MSF Assists Hundreds of Refugees in Roszke, Hungary

Ana Lemos/MSF

Thousands of refugees, mostly from Syria, are arriving to Roszke, on the Serbia-Hungary border. They are both physically and psychologically exhausted after a long and dangerous journey by sea and road across several countries, says Doctors Without Borders/Médecins Sans Frontières. Some 2,000 people are crossing over the border daily.

"The needs in Roszke are enormous," says Teresa Sancristoval, project manager for MSF's Emergency Unit in Roszke. "This is the first place they arrive after having been on the road for weeks since setting off from Greece. They can stay here for up to a few days, so they need information, food, water, latrines, showers, and protection from the cold, as temperatures can drop to three degrees [Celcius] at night. With the heavy rains that we are facing now, the conditions are worsening. We have to be ready, as we foresee that this situation will continue for a while."

MSF teams have set up a mobile clinic and have cared for 400 people in four days. Most of the patients (60 percent) are children with respiratory problems, followed by women (30 percent), many of whom are pregnant, in addition to men with infected wounds from the long walks and from jumping fences. According to medical staff, the exhausting journey has weakened their immune systems and those suffering from chronic diseases have had no access to medications.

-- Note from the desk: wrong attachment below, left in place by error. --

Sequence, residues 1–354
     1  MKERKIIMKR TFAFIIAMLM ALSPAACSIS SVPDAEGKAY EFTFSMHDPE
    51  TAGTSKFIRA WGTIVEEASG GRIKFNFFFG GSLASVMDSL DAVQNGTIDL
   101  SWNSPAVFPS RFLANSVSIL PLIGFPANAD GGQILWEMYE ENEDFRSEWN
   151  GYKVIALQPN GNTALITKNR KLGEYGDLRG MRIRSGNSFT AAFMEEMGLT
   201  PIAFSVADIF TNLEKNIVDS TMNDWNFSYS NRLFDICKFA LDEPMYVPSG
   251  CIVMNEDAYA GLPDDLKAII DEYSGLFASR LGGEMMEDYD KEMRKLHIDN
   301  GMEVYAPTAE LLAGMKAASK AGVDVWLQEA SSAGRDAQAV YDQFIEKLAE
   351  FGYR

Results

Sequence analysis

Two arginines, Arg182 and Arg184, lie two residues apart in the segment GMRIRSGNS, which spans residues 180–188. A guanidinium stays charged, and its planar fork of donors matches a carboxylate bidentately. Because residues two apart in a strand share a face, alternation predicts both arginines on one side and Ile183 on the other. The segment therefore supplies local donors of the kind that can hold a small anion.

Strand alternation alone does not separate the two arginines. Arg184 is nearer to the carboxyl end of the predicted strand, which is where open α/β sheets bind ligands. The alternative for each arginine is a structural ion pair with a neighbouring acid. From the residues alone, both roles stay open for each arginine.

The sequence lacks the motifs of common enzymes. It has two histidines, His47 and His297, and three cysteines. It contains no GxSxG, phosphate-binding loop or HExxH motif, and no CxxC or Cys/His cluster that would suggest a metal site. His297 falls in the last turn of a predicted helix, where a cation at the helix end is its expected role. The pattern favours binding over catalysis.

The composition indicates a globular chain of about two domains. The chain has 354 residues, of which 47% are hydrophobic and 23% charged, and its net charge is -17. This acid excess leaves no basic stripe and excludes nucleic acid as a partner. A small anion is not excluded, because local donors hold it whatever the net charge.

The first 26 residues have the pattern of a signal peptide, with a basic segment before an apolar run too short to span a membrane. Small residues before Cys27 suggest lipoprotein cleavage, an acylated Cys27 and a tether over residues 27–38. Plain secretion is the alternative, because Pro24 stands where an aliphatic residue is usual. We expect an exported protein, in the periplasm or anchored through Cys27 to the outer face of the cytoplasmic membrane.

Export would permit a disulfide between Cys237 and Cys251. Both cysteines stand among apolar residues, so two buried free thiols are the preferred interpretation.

Negotiations are ongoing with the Hungarian government to expand the activities and improve the quality of the services offered to the refugees and migrants crossing the border.

Learn More About MSF's Work With Migrants and Refugees

Hungary-Serbia border: OCBA has set up a mobile clinic in the Hungary-Serbia border, in Roske, to assist the Syrian refugees. Some 2,000 people are crossing through that location daily. The MSF clinic is attending around 100 people every day. Negotiations are ongoing with the Hungarian government to expand the activity. MSF teams have also distributed water, food and mattress through other local organizations.
Ana Lemos/MSF